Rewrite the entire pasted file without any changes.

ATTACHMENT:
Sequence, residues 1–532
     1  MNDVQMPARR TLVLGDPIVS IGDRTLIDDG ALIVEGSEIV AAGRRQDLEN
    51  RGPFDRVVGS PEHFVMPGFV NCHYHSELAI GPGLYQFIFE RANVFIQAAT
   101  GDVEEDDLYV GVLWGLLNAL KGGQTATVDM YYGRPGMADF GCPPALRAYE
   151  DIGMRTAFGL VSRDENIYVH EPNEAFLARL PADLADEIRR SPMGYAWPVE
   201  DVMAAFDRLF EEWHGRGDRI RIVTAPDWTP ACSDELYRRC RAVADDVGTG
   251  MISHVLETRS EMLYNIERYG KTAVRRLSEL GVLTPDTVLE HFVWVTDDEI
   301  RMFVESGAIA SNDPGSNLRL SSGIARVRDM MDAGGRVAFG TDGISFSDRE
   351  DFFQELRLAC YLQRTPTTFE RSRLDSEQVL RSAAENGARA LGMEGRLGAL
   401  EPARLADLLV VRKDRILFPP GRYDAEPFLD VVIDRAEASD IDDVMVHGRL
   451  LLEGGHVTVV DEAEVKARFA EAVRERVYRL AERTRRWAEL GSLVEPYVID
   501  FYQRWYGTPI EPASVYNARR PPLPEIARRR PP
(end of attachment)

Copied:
Sequence, residues 1–532
     1  MNDVQMPARR TLVLGDPIVS IGDRTLIDDG ALIVEGSEIV AAGRRQDLEN
    51  RGPFDRVVGS PEHFVMPGFV NCHYHSELAI GPGLYQFIFE RANVFIQAAT
   101  GDVEEDDLYV GVLWGLLNAL KGGQTATVDM YYGRPGMADF GCPPALRAYE
   151  DIGMRTAFGL VSRDENIYVH EPNEAFLARL PADLADEIRR SPMGYAWPVE
   201  DVMAAFDRLF EEWHGRGDRI RIVTAPDWTP ACSDELYRRC RAVADDVGTG
   251  MISHVLETRS EMLYNIERYG KTAVRRLSEL GVLTPDTVLE HFVWVTDDEI
   301  RMFVESGAIA SNDPGSNLRL SSGIARVRDM MDAGGRVAFG TDGISFSDRE
   351  DFFQELRLAC YLQRTPTTFE RSRLDSEQVL RSAAENGARA LGMEGRLGAL
   401  EPARLADLLV VRKDRILFPP GRYDAEPFLD VVIDRAEASD IDDVMVHGRL
   451  LLEGGHVTVV DEAEVKARFA EAVRERVYRL AERTRRWAEL GSLVEPYVID
   501  FYQRWYGTPI EPASVYNARR PPLPEIARRR PP